She insisted the recent turn of events would not affect who she votes for. “There are many other local issues in the tea gardens I work in,” she explained.
Bedanta Kumar Phukan, a lawyer, offered an opposite view. “I am proud India finally retaliated,” he said. “It should have happened long back. It’s cemented our position as a powerful country.”
Phukan said the Modi government’s decision had won him over. “The BJP was on the back foot here in Assam, but the strike has definitely made their position stronger. It will certainly impact the way I vote.”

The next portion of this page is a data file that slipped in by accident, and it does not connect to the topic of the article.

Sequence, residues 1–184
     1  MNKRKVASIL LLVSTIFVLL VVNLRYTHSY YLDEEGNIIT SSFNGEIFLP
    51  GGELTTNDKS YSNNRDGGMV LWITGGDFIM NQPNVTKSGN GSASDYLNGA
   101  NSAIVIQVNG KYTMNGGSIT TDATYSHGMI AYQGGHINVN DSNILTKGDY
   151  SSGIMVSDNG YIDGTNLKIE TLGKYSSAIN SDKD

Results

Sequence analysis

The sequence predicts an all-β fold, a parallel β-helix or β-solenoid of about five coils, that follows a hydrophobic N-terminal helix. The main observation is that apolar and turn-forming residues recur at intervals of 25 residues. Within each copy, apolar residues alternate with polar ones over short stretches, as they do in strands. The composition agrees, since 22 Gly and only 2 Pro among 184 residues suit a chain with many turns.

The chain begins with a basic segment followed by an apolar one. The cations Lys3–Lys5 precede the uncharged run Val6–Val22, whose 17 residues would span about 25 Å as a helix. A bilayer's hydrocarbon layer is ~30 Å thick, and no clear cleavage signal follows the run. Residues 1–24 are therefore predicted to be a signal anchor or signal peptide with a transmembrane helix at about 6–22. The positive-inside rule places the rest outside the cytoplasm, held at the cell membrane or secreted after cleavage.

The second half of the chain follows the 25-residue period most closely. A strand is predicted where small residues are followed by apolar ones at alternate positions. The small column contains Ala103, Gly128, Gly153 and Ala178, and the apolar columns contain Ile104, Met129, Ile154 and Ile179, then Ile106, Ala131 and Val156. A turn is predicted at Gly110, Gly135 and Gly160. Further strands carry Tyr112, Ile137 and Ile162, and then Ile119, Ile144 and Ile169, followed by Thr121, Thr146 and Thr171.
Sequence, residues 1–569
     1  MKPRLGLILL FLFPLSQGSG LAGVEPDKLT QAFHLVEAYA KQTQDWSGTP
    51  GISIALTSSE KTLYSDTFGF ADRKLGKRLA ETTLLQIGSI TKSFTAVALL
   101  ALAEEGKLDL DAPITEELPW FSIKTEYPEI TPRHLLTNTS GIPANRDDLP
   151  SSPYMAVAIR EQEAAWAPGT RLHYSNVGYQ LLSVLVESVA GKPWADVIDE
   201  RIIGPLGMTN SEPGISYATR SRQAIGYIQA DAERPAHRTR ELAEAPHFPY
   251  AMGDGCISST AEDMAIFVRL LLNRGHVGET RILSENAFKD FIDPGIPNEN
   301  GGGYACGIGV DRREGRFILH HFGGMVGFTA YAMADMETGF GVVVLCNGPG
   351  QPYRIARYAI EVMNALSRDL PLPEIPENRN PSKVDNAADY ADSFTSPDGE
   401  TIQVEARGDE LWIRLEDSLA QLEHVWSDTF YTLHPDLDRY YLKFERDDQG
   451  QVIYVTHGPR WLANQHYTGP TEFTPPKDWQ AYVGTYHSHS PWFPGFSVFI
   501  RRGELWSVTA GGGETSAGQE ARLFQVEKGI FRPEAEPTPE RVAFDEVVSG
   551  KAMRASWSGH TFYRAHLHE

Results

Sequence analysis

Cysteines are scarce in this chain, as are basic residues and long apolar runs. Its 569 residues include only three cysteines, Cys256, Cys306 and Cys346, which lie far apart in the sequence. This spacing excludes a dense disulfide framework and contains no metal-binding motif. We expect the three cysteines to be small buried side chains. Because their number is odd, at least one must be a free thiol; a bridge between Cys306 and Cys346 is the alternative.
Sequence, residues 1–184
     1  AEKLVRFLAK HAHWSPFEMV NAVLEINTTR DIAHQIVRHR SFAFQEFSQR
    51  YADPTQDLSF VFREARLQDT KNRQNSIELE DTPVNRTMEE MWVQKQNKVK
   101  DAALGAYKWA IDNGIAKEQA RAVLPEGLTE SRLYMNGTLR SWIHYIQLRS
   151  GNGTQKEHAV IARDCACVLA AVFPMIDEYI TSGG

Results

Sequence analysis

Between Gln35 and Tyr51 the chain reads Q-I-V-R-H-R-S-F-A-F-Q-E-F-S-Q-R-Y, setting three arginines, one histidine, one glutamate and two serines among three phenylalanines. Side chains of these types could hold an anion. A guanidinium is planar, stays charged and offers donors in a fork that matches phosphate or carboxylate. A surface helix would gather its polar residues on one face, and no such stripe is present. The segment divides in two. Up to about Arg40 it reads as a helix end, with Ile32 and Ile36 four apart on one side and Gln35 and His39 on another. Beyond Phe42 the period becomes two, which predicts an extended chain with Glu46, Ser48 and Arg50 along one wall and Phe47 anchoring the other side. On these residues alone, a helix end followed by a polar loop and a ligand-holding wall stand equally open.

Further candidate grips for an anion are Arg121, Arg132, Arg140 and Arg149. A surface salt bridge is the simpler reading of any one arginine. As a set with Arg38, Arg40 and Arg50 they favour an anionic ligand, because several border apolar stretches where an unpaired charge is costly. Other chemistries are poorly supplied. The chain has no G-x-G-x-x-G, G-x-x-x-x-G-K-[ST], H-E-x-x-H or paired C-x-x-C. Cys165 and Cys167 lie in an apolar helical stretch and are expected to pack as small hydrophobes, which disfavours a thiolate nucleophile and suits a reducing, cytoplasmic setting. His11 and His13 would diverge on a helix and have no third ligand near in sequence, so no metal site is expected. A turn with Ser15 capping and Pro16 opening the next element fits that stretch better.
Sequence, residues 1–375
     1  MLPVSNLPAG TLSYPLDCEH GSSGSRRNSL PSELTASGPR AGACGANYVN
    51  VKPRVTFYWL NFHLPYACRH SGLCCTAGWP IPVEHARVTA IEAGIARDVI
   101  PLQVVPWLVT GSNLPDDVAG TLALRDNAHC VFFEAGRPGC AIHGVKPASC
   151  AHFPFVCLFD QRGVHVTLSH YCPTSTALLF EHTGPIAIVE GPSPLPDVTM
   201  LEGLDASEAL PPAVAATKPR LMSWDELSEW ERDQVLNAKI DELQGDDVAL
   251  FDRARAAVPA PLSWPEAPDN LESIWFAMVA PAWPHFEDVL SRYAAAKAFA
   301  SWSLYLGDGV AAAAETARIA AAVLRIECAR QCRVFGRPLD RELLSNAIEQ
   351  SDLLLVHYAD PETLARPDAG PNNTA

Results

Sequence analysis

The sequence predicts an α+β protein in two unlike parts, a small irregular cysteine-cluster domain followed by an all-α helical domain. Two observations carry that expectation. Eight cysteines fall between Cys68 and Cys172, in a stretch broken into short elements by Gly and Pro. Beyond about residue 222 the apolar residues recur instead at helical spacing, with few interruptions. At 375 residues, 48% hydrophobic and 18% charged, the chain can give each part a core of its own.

The Modi government may be found wanting in providing jobs and social security to a large section of the population, Phukan said, but its muscular approach to national security was praiseworthy. “Everything has its place, and jobs and social security are important,” he said. “But so is defending the nation’s integrity.”
Sisuram Bora, a government employee in Upper Assam, took a more moderate view. The air strike, he said, was “a very good thing”. “But I wish the government does not politicise it to garner votes,” he said.
Bora claimed his vote would be decided by more local concerns. “Any government would defend our land,” he said. “That’s not any reason to vote for a party.”